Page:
Here are a few links for more info on the bill for the Adoption Tax Credit.

http://adoptiontaxcredit.org/

http://adoptiontaxcredit.org/faqs/

http://www.gislason.com/blog/2012/10/22/dramatic-changes-to-adoption-tax-credit-for-2013

http://www.reuters.com/article/2012/04/24/us-column-adoption-taxcredit-idUSBRE83N0VV20120424

All families who adopt, no matter if it's through infant adoption, foster-to-adopt, international adoption, etc. deserve to be helped financially. Adoption is very expensive - some couples have to save up for many years just to even be able to adopt 1 child. While other couples will have added expenses after adopting a special needs child and need the help. Everyone deserves financial help so that adoption can be more affordable for everyone.

SarahSuzyQ
by Sarah on Dec. 5, 2012 at 8:05 AM
It has been set to revert to the $6k level for a number of years, though it was slightly expanded with the affordable care act. If those families expected a credit, their agency was being dishonest with them. I have been aware for two years that if we did not adopt in 2011 there would be no refund. Sure enough, we adopted in mid-2012. I know a number of families who should reasonably have been able to finalize in 2011 and were held back by court or CW delays, so now will get no refund. It's frustrating, but it's really not the reason we are adopting.

I don't think any group of kids is more "worthy" of being adopted. Many, many children the world over need homes. I hope we can all agree on that. I am simply not certain that it's the best tax policy as the credit currently works... Especially as I read about agencies raising their fees to match the credit amount, particularly in private adoption.

US taxpayers and government have already made a commitment to kids in foster care, that they will have a family after we have taken away their birth family (for good reason). A small credit towards adoption would seem to match that commitment.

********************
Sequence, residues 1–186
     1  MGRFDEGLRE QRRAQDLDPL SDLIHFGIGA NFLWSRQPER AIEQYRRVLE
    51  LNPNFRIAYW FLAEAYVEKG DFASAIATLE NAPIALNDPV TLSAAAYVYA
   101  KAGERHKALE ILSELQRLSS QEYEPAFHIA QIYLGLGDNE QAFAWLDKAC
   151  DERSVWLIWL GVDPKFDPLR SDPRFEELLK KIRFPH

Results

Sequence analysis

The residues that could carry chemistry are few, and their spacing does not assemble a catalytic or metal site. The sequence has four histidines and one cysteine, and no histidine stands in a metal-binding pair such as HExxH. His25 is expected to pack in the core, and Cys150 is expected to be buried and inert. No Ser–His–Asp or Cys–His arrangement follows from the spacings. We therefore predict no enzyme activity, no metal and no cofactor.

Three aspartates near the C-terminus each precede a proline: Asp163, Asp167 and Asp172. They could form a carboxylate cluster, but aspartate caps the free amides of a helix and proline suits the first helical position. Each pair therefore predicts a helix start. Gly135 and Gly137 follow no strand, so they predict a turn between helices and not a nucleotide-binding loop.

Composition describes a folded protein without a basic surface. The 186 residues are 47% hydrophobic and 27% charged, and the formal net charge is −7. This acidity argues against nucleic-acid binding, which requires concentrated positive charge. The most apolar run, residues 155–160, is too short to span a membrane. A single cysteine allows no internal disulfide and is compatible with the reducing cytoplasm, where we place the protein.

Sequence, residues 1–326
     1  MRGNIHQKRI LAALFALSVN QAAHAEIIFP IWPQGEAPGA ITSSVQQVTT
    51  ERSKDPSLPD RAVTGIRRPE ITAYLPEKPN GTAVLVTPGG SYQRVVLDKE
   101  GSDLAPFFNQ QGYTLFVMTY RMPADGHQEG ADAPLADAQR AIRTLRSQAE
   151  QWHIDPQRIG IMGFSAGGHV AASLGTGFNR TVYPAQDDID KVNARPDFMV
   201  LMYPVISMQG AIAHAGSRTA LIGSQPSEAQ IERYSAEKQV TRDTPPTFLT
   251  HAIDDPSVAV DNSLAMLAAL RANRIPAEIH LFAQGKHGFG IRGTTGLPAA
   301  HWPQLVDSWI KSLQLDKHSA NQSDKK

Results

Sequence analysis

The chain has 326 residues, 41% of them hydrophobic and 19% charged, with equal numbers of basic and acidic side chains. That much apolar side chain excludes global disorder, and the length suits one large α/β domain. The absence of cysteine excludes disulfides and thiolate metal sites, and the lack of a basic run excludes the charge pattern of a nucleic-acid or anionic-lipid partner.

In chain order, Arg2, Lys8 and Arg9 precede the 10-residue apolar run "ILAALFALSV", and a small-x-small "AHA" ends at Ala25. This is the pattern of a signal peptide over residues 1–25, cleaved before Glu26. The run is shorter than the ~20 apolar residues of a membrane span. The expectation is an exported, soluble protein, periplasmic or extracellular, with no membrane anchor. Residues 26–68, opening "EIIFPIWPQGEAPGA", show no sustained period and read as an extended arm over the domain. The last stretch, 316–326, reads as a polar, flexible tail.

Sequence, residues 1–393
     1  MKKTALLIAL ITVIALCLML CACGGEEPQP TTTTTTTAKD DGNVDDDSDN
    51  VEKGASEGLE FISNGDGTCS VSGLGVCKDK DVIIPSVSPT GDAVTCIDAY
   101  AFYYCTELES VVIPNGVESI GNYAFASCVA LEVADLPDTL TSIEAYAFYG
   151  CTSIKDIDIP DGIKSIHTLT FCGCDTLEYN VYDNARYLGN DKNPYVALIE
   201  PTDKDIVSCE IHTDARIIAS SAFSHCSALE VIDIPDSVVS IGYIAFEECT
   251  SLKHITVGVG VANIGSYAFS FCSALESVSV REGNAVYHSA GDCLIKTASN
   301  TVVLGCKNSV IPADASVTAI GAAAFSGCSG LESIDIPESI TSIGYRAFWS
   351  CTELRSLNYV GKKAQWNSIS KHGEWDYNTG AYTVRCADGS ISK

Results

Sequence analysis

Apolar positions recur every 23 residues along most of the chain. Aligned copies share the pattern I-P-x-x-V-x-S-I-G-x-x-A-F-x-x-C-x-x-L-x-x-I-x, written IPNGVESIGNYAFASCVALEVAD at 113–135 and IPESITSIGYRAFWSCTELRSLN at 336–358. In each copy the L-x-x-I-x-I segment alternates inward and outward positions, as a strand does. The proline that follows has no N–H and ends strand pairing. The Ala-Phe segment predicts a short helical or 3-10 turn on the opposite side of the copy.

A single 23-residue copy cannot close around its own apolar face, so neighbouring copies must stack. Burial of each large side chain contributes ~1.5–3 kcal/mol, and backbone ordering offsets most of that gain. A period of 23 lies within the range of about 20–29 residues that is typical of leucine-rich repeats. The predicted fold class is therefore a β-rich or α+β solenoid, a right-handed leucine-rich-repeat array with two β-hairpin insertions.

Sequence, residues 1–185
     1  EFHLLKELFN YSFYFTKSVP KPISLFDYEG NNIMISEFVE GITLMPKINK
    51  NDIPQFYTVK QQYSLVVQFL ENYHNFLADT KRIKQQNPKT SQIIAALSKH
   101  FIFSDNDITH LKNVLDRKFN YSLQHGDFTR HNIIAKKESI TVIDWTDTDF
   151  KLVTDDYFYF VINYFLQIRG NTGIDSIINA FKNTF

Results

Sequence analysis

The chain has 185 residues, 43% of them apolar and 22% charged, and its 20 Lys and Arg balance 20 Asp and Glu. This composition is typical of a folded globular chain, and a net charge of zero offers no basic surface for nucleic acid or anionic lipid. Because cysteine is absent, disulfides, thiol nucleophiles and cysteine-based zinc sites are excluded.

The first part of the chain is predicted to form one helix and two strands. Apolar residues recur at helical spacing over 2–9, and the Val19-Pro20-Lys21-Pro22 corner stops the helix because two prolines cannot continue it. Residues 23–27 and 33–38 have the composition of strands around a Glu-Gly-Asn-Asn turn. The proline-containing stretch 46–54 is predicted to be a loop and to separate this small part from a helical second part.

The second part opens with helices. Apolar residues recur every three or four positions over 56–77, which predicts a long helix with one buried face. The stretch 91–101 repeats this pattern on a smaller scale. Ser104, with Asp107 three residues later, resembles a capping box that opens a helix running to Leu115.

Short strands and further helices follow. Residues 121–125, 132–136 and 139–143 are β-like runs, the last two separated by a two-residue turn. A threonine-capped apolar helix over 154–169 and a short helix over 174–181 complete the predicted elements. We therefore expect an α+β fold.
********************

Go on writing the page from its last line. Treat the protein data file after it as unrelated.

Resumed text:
I believe there is a similar petition to the OP on whitehouse.gov for those interested.


Quoting zenoria:

The thing is, there are many, many families who are already in process who expected they'd be eligible for at least a credit in their taxes, even if not a refundable one. It's wrong to pull the rug out from those families in the middle of the process like that. Our adoption took years, and one of our children does have a heart issue, so could be classified as SN but under the 2013 and forward credit we'd receive less or nothing than if we'd finalized in 2011. It isn't the case that the only 'worthy' form if adoption is Foster-adopt. It already costs very little to do that and families who take SN kids often also get an additional subsidy. Kids are in need all over, not just in the US foster system. If the credit is going to sunset, it should be after a number of years, not after being renewed/changed every 12 months.


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zenoria
by Member on Dec. 5, 2012 at 8:19 AM
The IRS has been consistent for years in saying the sunset will likely be averted because it is renewed every year. If it is/was worthwhile to have a refundable expanded credit for adoptions finalized in 2011, why not for those started prior to 2010 and finalized in 2012? What in your opinion makes those APs different in that they should have expected little or no credit for adopting?






There are already HUGE subsidies for foster-adopt, without an additional tax credit. Any family who adopts should be able to be financially bolstered, as the costs for pretty much every other type of adoption are far far greater than foster adopt. In our state, foster adoptions also get ongoing $ for years as an incentive. As you say, it's not the money that makes people adopt, or at least it shouldn't be, no matter the type of adoption. However, no family should be put in financial jeopardy because of politics or because their adoption choice is now the one that's out of vogue. Very few adoption processes take less than 1 year.
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TylerandKate
by Member on Dec. 5, 2012 at 8:28 AM

Landrieu Introduces Bill to Make Adoption More Affordable

September 21, 2012

WASHINGTON—U.S. Senator Mary L. Landrieu, D-La., today introduced the Making Adoption Affordable Act to support families that have made the wonderful decision to adopt. The Adoption Tax Credit (ATC) helps defray the sometimes high administrative fees associated with adoptions, ensuring that families that want to adopt are not discouraged by the high cost of the process. The Making Adoption Affordable Act will make the ATC a permanent part of the tax code and make it refundable, which would allow adoptive families to receive a tax refund in excess of their tax liability. Original co-sponsors of the legislation include Sens. Roy Blunt R-Mo., Ben Cardin, D-Md., and Kay Bailey Hutchison, R-Texas.

"For families who have generously opened their hearts and homes to a child, the Adoption Tax Credit gives them important assistance along the journey. My husband and I are blessed with two precious, adopted children, and I am hopeful that this credit will encourage others to consider enlarging their families through adoption," Sen. Landrieu said. "I am committed to extending the Adoption Tax Credit and look forward to working with my colleagues on both sides of the aisle to support families who make the wonderful decision to adopt."